Sunday, January 9, 2011

In The Aftermath

There's a lot to think about in the aftermath of yesterday's tragic Tucson shooting. I'm avoiding the issue of political motivation, except to agree that the violent political rhetoric in recent years has become too over the top to be acceptable to decent people. I'm also going to skip over Arizona's gun laws, which allow pretty much anybody to carry guns pretty much anywhere. Both are very valid issues for debate, but not the topics I chose to focus on.

Instead, there are two major areas that are in my thoughts in the wake of this horrible tragedy. First, this is really bad for representative democracy. Rep. Giffords was shot while making herself directly available to her constituents, as good elected officials should do. The aftermath of this incident is certainly going to frighten her peers into greatly increasing security and reducing public access. That will be a logical reaction for politicians of all political stripes, very few of whom have the courage to risk their lives just to meet with their electorate. Our system of representative democracy was already seriously endangered by the big money in politics reducing the influence of regular citizens. More and more of our elected officials are distant out of touch elites, and the aftermath of this incident will only increase their isolation from the 'populace' that they in theory represent. In the recent past, I could sit down and speak directly with my (recently defeated) congresswoman, and while I doubt I had any influence on her actual votes, she heard my voice as an actual human constituent. Now members of congress will only be meeting with people who are pre-screened (TSA like) and pre-vetted (donors) in the audience. The bubble of isolation will be expanded and strengthened in the wake of this tragedy.

But the even bigger issue in my mind is the appalling lack of mental health treatment in America today. Long time readers may remember that I spent many years as a mental health counselor, working to help seriously disturbed individuals in an incredibly dysfunctional system. I ranted about this in the wake of the Virginia Tech massacre, and I'm looking at the exact same issue today. How many times have we heard that a mass murder was the act of a "disturbed" individual? Among my clients when I was a counselor, I had several I felt were capable of acts of explosive violence, and the most important part of my job was preventing that.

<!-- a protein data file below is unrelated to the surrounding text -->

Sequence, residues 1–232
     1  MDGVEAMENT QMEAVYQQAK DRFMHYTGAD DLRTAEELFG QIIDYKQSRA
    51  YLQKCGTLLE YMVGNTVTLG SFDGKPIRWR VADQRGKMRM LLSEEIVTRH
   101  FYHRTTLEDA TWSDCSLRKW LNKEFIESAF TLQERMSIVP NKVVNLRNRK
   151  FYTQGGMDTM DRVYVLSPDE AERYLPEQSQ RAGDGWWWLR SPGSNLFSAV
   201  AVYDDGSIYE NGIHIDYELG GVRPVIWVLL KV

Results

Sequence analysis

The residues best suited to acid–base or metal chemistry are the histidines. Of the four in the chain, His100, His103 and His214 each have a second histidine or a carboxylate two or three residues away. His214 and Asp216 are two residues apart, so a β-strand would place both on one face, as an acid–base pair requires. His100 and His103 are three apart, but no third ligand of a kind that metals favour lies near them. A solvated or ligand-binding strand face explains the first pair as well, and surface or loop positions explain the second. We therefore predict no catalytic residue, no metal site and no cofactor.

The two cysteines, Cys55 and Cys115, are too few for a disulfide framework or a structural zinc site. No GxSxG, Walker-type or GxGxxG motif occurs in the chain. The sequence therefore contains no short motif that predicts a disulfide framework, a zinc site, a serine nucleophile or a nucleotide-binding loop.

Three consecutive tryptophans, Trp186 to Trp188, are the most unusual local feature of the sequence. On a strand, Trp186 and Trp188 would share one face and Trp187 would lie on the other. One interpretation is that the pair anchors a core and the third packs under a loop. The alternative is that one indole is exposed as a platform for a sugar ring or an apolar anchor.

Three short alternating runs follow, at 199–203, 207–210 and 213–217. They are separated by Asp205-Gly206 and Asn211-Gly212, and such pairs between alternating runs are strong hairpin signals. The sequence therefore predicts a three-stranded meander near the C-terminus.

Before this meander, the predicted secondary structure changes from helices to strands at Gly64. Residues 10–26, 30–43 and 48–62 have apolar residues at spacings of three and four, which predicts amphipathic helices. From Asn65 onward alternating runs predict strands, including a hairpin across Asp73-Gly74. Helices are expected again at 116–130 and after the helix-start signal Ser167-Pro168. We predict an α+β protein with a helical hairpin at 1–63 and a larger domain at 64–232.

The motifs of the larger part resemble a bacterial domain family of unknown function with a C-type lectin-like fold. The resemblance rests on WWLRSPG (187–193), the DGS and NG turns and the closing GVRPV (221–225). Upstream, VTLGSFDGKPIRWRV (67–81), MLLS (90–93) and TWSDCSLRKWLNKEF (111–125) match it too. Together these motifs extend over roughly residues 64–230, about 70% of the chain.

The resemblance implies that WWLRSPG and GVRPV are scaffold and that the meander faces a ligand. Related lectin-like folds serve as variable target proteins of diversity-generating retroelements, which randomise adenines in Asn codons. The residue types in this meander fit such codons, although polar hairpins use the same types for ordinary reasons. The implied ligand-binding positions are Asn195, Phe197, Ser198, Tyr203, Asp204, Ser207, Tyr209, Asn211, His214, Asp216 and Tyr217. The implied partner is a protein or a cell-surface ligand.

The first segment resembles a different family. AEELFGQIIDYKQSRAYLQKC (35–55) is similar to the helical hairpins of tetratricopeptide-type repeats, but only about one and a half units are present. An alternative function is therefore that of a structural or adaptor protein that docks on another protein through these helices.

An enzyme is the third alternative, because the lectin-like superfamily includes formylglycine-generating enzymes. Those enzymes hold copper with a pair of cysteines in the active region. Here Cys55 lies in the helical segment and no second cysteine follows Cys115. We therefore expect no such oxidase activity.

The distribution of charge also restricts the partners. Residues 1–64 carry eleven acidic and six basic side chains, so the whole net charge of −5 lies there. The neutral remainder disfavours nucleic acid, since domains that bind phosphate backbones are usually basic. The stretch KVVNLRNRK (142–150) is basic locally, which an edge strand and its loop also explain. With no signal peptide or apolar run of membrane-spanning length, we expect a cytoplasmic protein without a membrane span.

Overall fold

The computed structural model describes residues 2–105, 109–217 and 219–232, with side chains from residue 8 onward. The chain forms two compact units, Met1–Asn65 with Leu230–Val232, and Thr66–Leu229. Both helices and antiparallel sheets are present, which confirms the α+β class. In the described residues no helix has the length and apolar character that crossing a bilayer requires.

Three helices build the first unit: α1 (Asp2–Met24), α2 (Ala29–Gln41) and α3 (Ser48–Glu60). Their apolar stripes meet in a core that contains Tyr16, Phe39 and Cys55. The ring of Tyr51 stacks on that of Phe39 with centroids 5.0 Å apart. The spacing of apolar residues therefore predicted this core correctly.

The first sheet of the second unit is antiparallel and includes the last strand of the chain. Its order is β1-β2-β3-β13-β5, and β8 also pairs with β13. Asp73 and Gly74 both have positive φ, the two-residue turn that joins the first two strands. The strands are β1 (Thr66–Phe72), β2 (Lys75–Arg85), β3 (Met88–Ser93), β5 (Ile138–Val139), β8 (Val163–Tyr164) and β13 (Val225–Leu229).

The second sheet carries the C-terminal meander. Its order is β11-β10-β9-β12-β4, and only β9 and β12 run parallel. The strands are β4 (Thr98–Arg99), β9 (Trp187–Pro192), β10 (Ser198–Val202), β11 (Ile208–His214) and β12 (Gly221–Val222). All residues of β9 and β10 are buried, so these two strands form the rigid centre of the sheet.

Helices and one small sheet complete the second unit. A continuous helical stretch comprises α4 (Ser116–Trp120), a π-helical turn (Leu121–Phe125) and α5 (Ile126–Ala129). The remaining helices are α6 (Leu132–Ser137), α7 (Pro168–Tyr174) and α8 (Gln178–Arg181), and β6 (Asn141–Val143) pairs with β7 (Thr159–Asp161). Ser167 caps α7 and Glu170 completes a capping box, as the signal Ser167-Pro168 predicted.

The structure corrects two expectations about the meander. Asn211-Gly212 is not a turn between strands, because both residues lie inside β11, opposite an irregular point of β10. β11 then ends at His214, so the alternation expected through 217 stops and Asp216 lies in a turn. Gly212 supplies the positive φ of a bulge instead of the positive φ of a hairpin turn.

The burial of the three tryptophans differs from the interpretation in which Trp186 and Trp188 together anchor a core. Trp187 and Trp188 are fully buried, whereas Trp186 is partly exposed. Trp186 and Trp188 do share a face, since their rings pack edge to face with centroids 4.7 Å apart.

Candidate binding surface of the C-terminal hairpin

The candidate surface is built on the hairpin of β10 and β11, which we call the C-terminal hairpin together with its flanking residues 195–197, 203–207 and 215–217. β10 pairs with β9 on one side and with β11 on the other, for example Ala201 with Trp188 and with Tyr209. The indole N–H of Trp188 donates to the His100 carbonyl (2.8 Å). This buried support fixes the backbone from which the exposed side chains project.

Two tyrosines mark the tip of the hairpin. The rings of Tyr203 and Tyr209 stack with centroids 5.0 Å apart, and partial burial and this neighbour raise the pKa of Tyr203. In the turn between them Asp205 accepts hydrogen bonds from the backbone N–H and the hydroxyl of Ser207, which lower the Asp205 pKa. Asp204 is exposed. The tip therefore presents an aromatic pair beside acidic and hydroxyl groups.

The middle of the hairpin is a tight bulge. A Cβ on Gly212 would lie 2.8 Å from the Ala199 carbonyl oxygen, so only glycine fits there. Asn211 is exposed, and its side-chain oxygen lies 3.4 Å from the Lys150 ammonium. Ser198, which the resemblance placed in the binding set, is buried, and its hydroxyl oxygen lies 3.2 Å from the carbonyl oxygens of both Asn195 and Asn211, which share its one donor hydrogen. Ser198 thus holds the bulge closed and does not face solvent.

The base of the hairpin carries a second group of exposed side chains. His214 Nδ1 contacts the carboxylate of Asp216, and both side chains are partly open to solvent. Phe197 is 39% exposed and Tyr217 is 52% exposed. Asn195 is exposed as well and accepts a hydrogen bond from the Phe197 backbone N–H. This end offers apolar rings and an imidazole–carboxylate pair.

Today, we hear the alleged shooter, Jared Loughney's internet postings, and it's easy to conclude that this young man was seriously "disturbed" (I'd bet on a diagnosis of paranoid schizophrenia) and probably delusional. While I don't know if he or his parents ever sought mental health treatment, the fact is that real treatment is generally unavailable and/or woefully inadequate. Unless you are wealthy, treatment only becomes available after you have endangered yourself or others. Clearly there is no guarantee that counselling will prevent acts of violence, but the lack of treatment does guarantee that we will continue to have more tragedies like yesterday. Because we have very many "disturbed" individuals in our society who need help but aren't getting it in our current system.

There will be an excess of finger-pointing in the media, but I doubt that I'll see much talk about helping the "disturbed" individuals before people are killed. So we'll have more tragic mass murders. It's a given, because prevention by helping people is not one of our society's priorities.


Jerry Critter said...

"...the appalling lack of mental health treatment in America today."

Thank you, Ronald Reagan. His legacy lives on. The man's influence has been truly devastating to our country.

urland said...

One of the things that really had me shaking my head yesterday was how many pundits and politicians (including our governor) were saying how they just could never imagine that this would happen. I guess they really are out of touch.

My short dance with Arizona's mental health system gave me a very bad impression. All the doctor seemed to be interested in was feeding me enough medication to destroy all my motivation, emotion and just plain turn me in to a zombie. Does that mean all of Arizona treatment is that way? Nope. But I suspect it is the prevalent way to treat people who have problems. This is of course only impression on my part, not anything akin to valid research.

We need more resources for all forms of health care.

SweaterMan said...

As we all know, this isn't necessarily restricted to mental health, but is a symptom of the "sickcare" mentality prevalent in our current system.

The goal of the system isn't necessarily to "cure" the problem, but more often to "manage" the symptoms in order to prevent the "disease" from harming the patient even more (or killing them).

Granted, in the mental health area, more often managing the symptoms through therapy or appropriate meds can produce a successful "outcome". However, in our society, the phrase "an ounce of prevention is worth a pound of cure" has been sadly abandoned, and this is especially true in the medical realm.